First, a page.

In Life in General on February 4, 2012 at 6:55 pm

Some people are perfectly content with mediocrity. They’re happy going through their lives never amounting to much. They’re neither the best nor worst at anything. They are neither hot nor cold, happy nor sad, neither obscure or influential. They are the people who we see day in and day out, but don’t really notice until they’re gone.

 

I live with a few such people. They are not medicore in all aspects of their lives, but there are definite areas in which they are content with doing less than their best. One such individual was making soup tonight, and as she finished up the soup she said, “It’s really not a very good soup.”  I tried the soup, and while it was simple, it was barely passable– certainly nothing memorable. I encouraged her saying, “If you’re not happy with it, let’s fix it.” I thought she might want to tweak it a bit so she could present a meal she was proud of to her family. Rather than being gung-ho on the idea, she simply said, “No. I think we’ll leave it like it is.” Really? Leave it like it is when you’re not even happy with it? Does anyone else see an odd form of inconsistency there? I tried to push it a bit, suggesting adding spices or a dash of white wine vinegar to really bring out the flavours the soup already contained. When I suggested the white wine vinegar, her husband protested. I looked at him and said, “You like my soups. I always add some form of wine vinegar at the end. It helps provide depth and bring out the natural flavours.” But I respected his wishes and did not add it to their soup. His wife then made some random comment about me needing to respect the nature of potatoes (it was potato soup), and while she was joking I detected and underlying note of seriousness. Really? Respect the potato? Isn’t it showing food the most respect when you work with it in such a way to enhance it’s natural flavours and really make it shine? Is making a medicore soup a way to respect your soup? No! You want it to be the best it can be. Anytime you respect something you do your best to give a good presentation of it– whether it’s in food or other aspects of life.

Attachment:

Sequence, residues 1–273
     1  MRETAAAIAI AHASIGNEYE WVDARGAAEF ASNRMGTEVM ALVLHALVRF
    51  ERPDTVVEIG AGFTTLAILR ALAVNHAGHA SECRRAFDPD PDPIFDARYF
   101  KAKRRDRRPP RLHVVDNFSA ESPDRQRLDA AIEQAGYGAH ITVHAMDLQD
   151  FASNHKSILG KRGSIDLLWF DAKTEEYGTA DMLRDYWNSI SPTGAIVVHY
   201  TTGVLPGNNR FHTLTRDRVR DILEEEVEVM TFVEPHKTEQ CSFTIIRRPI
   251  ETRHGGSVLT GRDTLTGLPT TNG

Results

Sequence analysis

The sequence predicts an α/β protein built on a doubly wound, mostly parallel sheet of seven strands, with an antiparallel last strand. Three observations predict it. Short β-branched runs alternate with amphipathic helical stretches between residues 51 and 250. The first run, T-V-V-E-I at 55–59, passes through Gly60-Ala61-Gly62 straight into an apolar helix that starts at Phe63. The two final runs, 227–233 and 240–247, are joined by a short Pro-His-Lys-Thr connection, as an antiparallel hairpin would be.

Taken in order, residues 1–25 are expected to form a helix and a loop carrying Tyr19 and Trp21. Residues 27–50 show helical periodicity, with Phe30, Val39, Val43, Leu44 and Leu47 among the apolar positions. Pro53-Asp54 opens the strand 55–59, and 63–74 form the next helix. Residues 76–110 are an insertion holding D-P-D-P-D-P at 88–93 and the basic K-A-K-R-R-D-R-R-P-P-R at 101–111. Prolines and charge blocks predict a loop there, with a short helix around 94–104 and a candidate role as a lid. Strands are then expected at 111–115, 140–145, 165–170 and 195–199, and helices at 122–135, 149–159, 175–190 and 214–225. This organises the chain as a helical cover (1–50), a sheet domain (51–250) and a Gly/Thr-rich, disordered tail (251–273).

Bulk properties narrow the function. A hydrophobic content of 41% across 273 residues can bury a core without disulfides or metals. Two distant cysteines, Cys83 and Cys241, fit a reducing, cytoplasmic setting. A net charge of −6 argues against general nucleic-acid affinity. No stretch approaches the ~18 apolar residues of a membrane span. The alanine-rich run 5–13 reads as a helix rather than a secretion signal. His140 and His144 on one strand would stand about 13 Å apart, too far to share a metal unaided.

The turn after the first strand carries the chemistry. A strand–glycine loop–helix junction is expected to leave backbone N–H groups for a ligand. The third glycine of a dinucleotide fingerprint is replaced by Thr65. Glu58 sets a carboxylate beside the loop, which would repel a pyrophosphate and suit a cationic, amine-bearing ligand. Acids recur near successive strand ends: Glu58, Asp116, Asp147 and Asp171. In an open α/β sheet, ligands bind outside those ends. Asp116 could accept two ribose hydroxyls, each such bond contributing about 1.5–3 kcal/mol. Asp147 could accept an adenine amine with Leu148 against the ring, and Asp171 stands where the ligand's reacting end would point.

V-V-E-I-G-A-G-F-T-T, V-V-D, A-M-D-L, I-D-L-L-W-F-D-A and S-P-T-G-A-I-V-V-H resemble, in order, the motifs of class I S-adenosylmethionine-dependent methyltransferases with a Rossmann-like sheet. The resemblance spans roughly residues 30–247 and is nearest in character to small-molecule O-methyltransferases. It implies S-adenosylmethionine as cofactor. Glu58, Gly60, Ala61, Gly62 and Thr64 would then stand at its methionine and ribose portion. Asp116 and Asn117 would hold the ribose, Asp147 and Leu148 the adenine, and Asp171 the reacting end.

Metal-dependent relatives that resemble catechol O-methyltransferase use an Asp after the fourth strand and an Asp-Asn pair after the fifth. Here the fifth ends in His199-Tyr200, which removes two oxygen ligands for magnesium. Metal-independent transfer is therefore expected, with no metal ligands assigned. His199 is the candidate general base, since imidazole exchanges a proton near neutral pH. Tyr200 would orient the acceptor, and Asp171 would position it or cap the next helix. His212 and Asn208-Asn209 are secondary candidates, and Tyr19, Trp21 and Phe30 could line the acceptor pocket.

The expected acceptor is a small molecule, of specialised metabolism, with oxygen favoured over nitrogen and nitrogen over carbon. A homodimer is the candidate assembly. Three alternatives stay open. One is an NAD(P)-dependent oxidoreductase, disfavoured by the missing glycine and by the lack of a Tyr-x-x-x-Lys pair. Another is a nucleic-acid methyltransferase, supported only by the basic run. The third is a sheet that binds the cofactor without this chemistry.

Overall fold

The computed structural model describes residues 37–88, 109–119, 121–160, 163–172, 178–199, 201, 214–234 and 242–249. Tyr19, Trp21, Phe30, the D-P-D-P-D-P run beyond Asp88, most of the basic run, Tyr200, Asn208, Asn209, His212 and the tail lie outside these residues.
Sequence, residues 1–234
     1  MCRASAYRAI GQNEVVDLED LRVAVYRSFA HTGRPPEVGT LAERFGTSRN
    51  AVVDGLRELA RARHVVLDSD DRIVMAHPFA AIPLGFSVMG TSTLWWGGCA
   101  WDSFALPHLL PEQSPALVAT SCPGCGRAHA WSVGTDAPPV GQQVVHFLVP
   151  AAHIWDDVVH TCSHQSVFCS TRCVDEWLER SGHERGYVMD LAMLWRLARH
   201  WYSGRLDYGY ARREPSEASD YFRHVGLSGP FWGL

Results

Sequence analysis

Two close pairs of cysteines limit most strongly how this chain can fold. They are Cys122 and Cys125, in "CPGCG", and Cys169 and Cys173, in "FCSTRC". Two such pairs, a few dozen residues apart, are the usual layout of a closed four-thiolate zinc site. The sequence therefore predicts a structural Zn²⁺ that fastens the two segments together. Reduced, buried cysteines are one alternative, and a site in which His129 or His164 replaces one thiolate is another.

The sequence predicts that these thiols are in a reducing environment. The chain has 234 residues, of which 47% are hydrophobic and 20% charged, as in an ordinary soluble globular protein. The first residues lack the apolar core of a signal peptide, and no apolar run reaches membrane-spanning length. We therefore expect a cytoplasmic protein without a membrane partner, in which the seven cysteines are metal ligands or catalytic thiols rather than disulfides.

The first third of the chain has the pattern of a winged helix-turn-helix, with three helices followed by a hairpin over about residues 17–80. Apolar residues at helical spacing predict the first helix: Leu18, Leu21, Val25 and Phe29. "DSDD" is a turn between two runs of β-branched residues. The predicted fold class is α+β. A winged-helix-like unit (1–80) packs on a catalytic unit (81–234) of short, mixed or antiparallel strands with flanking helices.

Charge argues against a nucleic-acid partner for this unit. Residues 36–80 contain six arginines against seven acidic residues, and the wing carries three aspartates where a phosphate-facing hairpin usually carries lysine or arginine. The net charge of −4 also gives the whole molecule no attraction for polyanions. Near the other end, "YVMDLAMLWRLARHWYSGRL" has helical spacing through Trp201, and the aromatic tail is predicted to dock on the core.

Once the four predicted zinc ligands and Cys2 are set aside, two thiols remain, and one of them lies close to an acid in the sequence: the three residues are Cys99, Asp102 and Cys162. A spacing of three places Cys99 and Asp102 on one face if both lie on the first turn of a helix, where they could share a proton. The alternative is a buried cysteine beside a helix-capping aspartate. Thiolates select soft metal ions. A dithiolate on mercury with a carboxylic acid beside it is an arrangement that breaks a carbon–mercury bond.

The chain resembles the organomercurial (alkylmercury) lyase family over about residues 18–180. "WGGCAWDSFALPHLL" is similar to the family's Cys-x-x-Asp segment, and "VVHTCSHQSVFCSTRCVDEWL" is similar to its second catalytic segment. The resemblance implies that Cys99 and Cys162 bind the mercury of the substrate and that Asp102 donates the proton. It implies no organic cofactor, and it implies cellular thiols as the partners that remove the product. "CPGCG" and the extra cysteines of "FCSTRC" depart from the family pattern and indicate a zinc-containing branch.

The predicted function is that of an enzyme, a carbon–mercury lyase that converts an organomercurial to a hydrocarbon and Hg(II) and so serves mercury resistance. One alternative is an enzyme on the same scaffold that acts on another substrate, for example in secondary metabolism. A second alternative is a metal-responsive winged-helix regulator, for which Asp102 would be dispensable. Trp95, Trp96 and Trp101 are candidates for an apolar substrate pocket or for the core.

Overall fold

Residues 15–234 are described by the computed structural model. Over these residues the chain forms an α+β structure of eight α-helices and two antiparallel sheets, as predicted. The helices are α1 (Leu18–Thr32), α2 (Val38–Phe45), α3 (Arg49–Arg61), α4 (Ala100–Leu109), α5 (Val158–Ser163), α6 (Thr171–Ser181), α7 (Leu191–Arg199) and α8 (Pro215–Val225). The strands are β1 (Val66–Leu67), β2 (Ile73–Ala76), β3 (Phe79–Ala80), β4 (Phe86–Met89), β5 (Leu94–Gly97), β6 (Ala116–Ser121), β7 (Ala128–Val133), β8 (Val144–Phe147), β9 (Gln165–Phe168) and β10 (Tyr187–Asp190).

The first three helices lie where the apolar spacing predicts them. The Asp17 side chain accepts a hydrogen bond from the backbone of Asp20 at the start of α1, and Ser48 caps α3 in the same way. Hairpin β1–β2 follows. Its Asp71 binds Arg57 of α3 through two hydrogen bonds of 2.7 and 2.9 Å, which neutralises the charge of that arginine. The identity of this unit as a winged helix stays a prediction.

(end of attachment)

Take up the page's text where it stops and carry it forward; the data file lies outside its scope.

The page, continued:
Are you content with mediocrity? Are you tempted to say “good enough” when with a bit of tweaking or a different presentation it could be something truly great? I know that I have areas in my life like that. What are yours?